Where Have All the Leaders Gone? The Long-Lost Executive Process Improvement Project

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December 15, 2006

Written By: Alan Ramias

Look at any book on business process management or improvement these days and you’ll see a good amount of advice being expended on the creating, chartering, nurturing and managing of process design, or improvement, teams. Typically, these are made up of employees who perform the processes being improved along with a gaggle of supporters, technical experts, and the like. In organizations where process management is a goal, a similar phenomenon takes place, typically with teams of mid- level managers nominated as “process owners” accompanied by a host of process excellence specialists and various other coaches or hangers-on. Look inside a corporation that has gotten into process work with technology as the driver and you are likely again to find a huge complex infrastructure of improvement teams, steering committees, regional oversight committees of site coordinating teams, centers of excellence, and on and on. The complexities of these team infrastructures tend to mirror the organization’s structure, with tiers of interlocking teams for every level that exists in the company.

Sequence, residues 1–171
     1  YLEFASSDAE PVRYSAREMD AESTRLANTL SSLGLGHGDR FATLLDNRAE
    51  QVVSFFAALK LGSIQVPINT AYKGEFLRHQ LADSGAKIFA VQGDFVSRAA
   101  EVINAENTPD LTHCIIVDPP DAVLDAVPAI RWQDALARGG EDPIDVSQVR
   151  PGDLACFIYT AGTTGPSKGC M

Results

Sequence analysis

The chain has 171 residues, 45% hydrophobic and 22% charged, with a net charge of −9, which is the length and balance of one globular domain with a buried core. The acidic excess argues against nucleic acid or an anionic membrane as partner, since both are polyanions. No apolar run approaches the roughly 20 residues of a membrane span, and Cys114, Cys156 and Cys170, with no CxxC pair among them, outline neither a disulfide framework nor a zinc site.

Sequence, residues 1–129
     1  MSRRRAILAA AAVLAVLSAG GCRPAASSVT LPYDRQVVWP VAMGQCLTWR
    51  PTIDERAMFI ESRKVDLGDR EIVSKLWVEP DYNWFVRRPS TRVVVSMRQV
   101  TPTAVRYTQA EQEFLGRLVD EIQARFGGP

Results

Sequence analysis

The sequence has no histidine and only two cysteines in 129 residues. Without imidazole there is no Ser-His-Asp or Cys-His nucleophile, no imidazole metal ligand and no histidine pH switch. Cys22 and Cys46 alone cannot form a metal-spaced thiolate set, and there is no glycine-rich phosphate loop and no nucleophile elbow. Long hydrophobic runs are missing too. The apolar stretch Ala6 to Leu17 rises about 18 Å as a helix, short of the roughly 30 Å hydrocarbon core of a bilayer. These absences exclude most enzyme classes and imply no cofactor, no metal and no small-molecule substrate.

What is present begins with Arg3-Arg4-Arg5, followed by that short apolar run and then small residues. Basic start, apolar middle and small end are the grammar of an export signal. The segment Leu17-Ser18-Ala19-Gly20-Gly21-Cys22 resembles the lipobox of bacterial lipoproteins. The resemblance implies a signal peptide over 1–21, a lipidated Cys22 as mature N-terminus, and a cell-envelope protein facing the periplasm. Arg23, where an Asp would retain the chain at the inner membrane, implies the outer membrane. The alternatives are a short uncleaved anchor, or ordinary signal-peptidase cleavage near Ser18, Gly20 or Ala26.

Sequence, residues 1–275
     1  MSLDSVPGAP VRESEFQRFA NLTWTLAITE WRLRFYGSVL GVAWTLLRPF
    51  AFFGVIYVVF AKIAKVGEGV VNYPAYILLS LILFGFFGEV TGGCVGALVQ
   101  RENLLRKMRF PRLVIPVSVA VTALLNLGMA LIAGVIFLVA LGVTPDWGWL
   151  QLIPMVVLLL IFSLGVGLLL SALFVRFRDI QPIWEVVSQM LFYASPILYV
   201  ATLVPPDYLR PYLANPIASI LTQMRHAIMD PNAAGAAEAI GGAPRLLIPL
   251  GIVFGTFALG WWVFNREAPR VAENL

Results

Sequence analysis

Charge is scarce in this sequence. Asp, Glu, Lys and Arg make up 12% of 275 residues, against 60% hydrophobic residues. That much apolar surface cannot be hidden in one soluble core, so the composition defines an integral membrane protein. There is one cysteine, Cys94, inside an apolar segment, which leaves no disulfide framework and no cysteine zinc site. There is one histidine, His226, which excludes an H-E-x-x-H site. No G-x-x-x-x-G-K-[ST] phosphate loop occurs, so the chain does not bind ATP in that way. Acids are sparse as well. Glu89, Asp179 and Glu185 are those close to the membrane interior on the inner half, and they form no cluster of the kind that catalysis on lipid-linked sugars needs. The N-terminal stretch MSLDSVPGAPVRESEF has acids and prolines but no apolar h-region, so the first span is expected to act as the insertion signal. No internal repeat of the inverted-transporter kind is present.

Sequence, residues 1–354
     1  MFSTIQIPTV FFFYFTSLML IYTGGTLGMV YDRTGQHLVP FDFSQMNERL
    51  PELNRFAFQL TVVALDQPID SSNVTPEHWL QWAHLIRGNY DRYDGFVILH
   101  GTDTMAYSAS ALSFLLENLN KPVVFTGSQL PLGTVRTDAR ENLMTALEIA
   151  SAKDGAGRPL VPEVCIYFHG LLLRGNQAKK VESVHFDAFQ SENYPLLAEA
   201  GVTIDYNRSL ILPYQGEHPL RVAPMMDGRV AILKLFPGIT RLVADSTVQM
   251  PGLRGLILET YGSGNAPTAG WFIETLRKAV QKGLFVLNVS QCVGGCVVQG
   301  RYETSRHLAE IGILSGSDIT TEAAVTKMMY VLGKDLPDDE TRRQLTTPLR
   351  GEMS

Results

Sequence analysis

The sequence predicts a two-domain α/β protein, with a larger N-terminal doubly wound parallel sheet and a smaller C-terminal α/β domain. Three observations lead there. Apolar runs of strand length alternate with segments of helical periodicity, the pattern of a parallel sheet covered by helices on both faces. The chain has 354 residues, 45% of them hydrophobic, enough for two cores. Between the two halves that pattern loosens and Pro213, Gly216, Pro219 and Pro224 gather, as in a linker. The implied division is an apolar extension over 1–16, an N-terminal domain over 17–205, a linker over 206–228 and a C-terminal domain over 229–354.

Is this a good thing? Usually, not very. The teams frequently tend to either ignore each other or bicker over tools and methods and get territorial, and then they burn out after documenting the processes like maniacs for a time but never quite getting to any real improvement or management.

So where on earth did the idea come from that creating a bureaucracy was the way to do BPM? Sad to say, from us. That is to say, it came from the various consultants and advocates who over the past 15 years have advised companies on the worth and mechanics of process improvement and management. My colleagues at the Performance Design Lab (PDL) and my former colleagues at the Rummler-Brache Group all recommended these steering team/design team infrastructures, and so did all of our competitors. So now it’s a given. But once upon a time, there once were no such givens.